illustration of a woman holding a glass of wine and a man, Prufrock, standing opposite her

The Love Song of J. Alfred Prufrock

by T. S. Eliot

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Any analysis of the work of T.S. Eliot demands a careful look at his use of literary forms and devices. Throughout his career, Eliot sought to develop new modes of poetic expression, new ways of combining words, and new methods of conveying narrative, character, and theme. In “The Love Song of J. Alfred Prufrock,” Eliot lays the formal groundwork for much of his later poetry.

Dramatic Monologue | Meter | Rhyme

Dramatic Monologue

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A dramatic monologue is a poetic character study written from a first-person perspective. The speaker describes a series of events and scenes, inadvertently expressing aspects of his psychology. In “The Love Song of J. Alfred Prufrock,” Prufrock describes the modern urban world he inhabits. In the process, readers encounter his personality and visit his inner world.

The poem’s form and content mirror Prufrock’s patterns of thought and feeling. Just like Prufrock himself, the poem is imaginative, erudite, scattered, and detached. As Prufrock navigates the streets and parlors of London, he contends with insistent inner questions, both named (“So how should I presume?”) and unnamed (“an overwhelming question”). Ultimately, readers understand that Prufrock is brilliant, shy, and troubled.


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As with the rhyme scheme of “The Love Song of J. Alfred Prufrock,” the poem’s meter is carefully constructed but inconsistent. The poem’s guiding meters are pentameter, the five-beat line standard in English-language verse, and hexameter, the six-beat line standard in epic Greek poetry. The prominent use of hexameter is somewhat ironic, given that Eliot’s titular character is decidedly less gallant than the heroes of the Greek epic tradition.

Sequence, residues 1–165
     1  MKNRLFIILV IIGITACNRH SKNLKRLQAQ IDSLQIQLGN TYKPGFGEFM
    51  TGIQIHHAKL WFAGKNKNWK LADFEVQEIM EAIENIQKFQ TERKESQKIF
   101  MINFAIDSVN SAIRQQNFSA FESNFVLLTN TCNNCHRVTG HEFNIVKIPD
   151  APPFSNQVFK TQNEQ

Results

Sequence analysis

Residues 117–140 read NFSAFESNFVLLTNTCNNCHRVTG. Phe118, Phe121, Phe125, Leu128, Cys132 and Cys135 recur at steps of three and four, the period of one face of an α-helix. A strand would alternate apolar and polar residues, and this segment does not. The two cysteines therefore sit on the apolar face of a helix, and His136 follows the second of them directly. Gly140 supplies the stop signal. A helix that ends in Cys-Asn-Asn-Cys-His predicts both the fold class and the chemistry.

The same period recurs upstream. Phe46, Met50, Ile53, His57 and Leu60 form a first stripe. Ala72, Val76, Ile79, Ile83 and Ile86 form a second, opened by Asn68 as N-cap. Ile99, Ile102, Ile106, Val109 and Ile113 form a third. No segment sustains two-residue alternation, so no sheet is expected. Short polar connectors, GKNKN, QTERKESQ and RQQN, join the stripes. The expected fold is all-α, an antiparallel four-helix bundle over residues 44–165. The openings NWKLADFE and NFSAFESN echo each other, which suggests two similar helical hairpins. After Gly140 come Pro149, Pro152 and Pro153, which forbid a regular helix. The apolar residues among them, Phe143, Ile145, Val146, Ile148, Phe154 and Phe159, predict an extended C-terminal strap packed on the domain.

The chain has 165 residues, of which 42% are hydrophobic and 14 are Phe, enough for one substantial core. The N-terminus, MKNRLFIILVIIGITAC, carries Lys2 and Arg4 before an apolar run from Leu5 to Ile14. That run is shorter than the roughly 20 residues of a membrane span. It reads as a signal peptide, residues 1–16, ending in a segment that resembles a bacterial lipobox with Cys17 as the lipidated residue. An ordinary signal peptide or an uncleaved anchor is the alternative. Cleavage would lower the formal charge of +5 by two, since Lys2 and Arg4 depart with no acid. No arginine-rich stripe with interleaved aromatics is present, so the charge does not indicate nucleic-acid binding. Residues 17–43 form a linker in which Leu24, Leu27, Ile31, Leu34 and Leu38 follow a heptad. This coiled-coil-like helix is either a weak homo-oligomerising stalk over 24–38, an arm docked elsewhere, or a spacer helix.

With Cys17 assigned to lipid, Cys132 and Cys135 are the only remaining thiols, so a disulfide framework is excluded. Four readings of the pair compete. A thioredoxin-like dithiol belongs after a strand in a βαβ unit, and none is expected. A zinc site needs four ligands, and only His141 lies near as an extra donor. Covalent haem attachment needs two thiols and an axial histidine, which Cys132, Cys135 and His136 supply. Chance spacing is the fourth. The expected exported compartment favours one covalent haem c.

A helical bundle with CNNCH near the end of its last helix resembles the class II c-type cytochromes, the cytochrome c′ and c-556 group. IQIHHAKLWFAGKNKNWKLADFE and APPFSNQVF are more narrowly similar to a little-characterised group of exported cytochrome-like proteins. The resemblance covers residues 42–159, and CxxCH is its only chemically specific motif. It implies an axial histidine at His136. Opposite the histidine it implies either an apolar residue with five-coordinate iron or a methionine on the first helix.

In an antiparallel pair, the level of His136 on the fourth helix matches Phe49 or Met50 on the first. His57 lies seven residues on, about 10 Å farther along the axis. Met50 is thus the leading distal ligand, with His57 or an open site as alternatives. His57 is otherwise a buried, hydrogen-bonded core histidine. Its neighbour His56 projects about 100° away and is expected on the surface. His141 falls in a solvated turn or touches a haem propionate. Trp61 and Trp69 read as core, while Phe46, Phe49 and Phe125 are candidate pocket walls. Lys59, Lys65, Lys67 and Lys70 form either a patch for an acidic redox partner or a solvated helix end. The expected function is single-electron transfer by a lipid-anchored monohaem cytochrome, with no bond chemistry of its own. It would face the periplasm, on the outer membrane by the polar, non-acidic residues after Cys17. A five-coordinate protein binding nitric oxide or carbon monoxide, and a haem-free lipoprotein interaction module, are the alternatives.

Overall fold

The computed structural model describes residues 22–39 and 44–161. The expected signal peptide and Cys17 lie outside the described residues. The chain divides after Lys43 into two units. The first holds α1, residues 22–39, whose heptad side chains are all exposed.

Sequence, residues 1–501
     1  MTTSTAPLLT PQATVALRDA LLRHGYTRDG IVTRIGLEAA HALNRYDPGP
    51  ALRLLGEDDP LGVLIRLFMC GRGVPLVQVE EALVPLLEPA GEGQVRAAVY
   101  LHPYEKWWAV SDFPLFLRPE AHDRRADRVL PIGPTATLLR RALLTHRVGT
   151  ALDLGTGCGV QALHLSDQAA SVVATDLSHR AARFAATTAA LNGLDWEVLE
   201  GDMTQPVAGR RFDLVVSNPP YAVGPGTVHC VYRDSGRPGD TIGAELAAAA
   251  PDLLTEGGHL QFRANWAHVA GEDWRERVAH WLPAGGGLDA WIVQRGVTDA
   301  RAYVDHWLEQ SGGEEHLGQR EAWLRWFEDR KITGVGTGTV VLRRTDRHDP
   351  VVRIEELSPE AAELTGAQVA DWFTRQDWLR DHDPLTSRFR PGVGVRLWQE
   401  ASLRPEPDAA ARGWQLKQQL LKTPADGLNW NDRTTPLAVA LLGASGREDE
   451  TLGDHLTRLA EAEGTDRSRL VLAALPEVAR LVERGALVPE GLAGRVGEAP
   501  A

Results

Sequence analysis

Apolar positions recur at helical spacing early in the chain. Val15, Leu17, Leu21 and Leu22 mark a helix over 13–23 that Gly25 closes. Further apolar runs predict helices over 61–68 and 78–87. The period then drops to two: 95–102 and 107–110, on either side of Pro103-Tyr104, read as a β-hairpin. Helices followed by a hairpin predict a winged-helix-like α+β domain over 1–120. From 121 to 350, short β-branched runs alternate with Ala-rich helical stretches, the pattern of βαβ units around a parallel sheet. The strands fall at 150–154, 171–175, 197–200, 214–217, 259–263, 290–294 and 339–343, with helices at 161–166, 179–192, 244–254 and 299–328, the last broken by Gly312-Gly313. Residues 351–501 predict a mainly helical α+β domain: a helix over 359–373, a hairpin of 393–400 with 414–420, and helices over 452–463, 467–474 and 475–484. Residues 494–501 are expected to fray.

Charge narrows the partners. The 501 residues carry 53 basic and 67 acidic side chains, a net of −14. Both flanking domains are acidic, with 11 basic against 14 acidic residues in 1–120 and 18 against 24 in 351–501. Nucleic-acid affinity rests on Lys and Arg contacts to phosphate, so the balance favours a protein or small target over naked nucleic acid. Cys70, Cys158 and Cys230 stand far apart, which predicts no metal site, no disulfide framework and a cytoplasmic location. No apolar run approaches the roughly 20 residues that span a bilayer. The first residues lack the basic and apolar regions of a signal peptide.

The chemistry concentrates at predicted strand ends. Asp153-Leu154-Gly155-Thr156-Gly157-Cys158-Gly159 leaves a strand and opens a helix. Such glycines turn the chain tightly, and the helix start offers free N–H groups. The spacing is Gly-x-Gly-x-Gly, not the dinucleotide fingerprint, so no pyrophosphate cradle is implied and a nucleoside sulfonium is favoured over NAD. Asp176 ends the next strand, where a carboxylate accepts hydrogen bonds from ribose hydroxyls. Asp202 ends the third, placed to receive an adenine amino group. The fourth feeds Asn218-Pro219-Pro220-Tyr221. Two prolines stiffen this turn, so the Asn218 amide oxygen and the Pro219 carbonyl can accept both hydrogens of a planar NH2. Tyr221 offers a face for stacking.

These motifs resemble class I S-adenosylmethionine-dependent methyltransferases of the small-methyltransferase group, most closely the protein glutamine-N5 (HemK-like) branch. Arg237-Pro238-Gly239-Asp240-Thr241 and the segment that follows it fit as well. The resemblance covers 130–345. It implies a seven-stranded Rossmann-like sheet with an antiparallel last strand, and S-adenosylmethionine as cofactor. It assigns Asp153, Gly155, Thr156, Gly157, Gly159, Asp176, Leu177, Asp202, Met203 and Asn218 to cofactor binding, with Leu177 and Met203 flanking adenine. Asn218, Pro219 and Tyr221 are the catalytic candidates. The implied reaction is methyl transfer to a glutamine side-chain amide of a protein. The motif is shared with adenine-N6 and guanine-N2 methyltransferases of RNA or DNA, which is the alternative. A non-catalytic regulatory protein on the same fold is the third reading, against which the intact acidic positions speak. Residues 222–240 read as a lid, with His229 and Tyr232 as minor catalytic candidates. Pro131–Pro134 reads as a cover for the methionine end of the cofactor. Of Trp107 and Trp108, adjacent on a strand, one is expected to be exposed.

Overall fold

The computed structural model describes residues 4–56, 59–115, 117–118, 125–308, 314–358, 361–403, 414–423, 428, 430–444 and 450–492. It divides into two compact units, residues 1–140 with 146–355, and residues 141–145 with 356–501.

The poem never settles long on a single meter, however. Throughout the poem, often within a given stanza, the lines shorten and lengthen. The poem includes lines of every metrical length from monometer, one beat per line, to nonameter, nine beats per line. The metrical flexibility allows the poem to capture Prufrock’s ever-shifting flow of thought, which quickens and slows, expands and contracts. 

One of the poem’s central thematic concerns is the flow of time. Time is a continual source of perplexion for Prufrock, who laments his looming mortality and who accordingly consoles himself by repeating the refrain “there will be time.” The poem’s temporal embodiment through meter mirrors Prufrock’s predicament. Like Prufrock, the poem itself does not know what to do with time, coursing forward quickly before slowing to a lugubrious crawl, then quickening and slowing again in turn.


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Eliot uses end rhyme, though it surfaces intermittently and inconsistently. At various times, the poem includes rhyming couplets, ABAB schemes, as well as long unrhymed passages. There are instances in which two rhyming lines are separated by three non-rhyming lines. The stanza structures vary as well. Scattered throughout the poem are stanzas of two, seven, and twelves lines. While these rhymes and stanzas are carefully constructed, there is no continuous pattern or scheme to speak of. The poem’s lack of commitment to a rhyme or stanza structure mirrors Prufrock’s halting, indecisive approach to the world. 

Eliot’s formally loose style in “Prufrock” is known as vers libre, or free verse, a poetic style commonly used by contemporary poets. In 1915, however, free verse was rare, a burgeoning poetic style adopted by Eliot and his fellow modernist writers. When the poem was published, some critics did not know what to make of Eliot’s seemingly untethered style. In a 1917 essay titled “Reflections on Vers Libre,” Eliot asserts that “the division between Conservative Verse and vers libre does not exist, for there is only good verse, bad verse, and chaos.” Critics favorable to Eliot agree that, for all his apparent formal abandon, his choices are intentional and carefully ordered.

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